Dear Salvation Army, 5 Healthy Habits For Healthy Salvationists

The two most important days in your life are the day you are born and the day you find out why.”     -Mark Twain

How do you become a quality soldier of Christ?
How do you find out why you were born and how to become the very best “You“?
Perhaps you became a Soldier of this Army and wondered to yourself “what next?
Perhaps there have been those in your life (in the corps, in your family, in the Army in general) who have truly paved the way for you to strive and have set certain quality standards for you to emulate.

Without a doubt we have witnessed negative examples too, but let us focus today upon 5 healthy habits for healthy salvationists.  These are obviously transferable and not singularly exclusive to the Salvation Army experience.  Certainly I could have easily called this “5 Healthy Habits for Healthy Christians”…but for the sake of continuity and for the sake of a majority of this Salvation Army readership, I will leave it the way it is…you’re welcome.  😉

5 Healthy Habits for Healthy Salvationists


1) Become a Reader (Challenge Yourself!)
I still recall a certain Commissioner whose first question would always be “So what are you reading?”
This was asked to prompt critical thinking and to communicate the importance of reading.
No matter if you are a fast reader (my wife) or you are a rather slow reader (myself), reading challenging material is rather important to developing healthy habits in our lives.

Don’t just read fiction.
I love fiction, it spurs on my creative side and I can easily become immersed in the characters of a good novel…BUT there are numerous quality spiritual writers out there who can challenge us and shake our preconceived understanding of God, the Universe and the world in which we live.  If we only reside in the comfortable fiction section of the bookstore or library, we will limit the opportunities for personal growth and further spiritual understanding.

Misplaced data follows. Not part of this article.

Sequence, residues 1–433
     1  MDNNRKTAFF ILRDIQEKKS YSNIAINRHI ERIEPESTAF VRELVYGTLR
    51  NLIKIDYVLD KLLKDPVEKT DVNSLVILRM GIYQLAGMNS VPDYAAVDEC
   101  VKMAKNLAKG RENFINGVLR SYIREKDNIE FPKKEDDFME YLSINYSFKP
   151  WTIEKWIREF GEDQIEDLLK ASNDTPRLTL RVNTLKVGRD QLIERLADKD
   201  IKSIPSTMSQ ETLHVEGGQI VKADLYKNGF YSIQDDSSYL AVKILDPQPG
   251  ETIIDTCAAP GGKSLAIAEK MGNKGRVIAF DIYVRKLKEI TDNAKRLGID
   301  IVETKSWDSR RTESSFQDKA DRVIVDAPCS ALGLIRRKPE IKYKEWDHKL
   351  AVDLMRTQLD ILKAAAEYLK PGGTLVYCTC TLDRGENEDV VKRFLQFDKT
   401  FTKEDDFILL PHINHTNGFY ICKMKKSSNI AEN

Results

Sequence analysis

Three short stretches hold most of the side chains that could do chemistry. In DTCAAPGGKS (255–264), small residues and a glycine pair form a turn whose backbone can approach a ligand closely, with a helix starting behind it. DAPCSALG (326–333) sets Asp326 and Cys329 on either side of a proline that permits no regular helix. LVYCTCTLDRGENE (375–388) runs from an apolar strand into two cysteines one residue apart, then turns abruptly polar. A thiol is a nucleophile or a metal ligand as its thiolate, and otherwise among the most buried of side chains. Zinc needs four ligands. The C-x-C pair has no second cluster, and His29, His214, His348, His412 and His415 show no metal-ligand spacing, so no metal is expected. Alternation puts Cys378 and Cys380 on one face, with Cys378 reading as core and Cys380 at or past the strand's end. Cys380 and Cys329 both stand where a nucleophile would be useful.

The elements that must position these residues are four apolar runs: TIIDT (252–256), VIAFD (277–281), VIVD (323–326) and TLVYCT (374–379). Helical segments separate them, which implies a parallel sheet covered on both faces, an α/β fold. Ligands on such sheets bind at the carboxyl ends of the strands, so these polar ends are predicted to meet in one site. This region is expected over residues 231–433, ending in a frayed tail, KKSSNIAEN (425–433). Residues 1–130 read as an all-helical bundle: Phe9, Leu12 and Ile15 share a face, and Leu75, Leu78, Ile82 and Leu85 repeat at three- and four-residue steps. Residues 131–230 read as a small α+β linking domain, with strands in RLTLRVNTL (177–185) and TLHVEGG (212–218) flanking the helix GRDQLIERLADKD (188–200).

Do seek out challenging writers of various topics – not just Christian writers.
Do read the works of certain writers that you might fundamentally disagree with.  When we simply refuse to read books from certain writers, speakers and thinkers just because of what others have said about them, we may miss out on some critical thinking/development and real teaching moments.  Reading these challenging pieces doesn’t mean you have to always agree with them, but refusing to read these works could limit you and prove just how closed minded and small your ideology is.  I don’t mean to insult anyone here, but I have heard people speak from uninformed – closed minded perspectives.  They sound like fools regurgitating bits of information that others have spouted and rather than discovering it for themselves rely on others to formulate their opinions.  When we challenge our understanding of God, even by reading controversial books, we begin to formulate our very own personal spiritual understanding of God.  This is vital as we mature in the faith.  Challenging traditional and even contemporary views by reading books from various authors from a wide spectrum of thought can help us to better define our love relationship with the Most High.  I will caution you though, in the same breath, to be on the lookout for crackpots, charlatans and heresies for they do certainly exist.

2) Ask The Hard Questions hard questions
When we become “readers” we in turn begin to develop and formulate difficult questions that we ourselves cannot answer.  Do not shy away from such conversations of faith.  Also do not be afraid to ask these questions to those with whom you know to be more mature in the faith.  It is not wrong to ask such questions.  It helps us to grow and become healthier followers of Christ.  When we refuse to step up to such challenges, we could very well be limiting the possibility of growth that could occur in such ventures of spiritual exploration.

Understand too that  pillars of our faith have walked these paths before us.  These “saints” of Christendom did ask the difficult questions.  These “saints” of Christendom did not bypass such important defining ventures of faith.  Do not be afraid to ask and to seek out that which currently is unknowable to you.

accountability23) Accountability, Mentors & Sharpening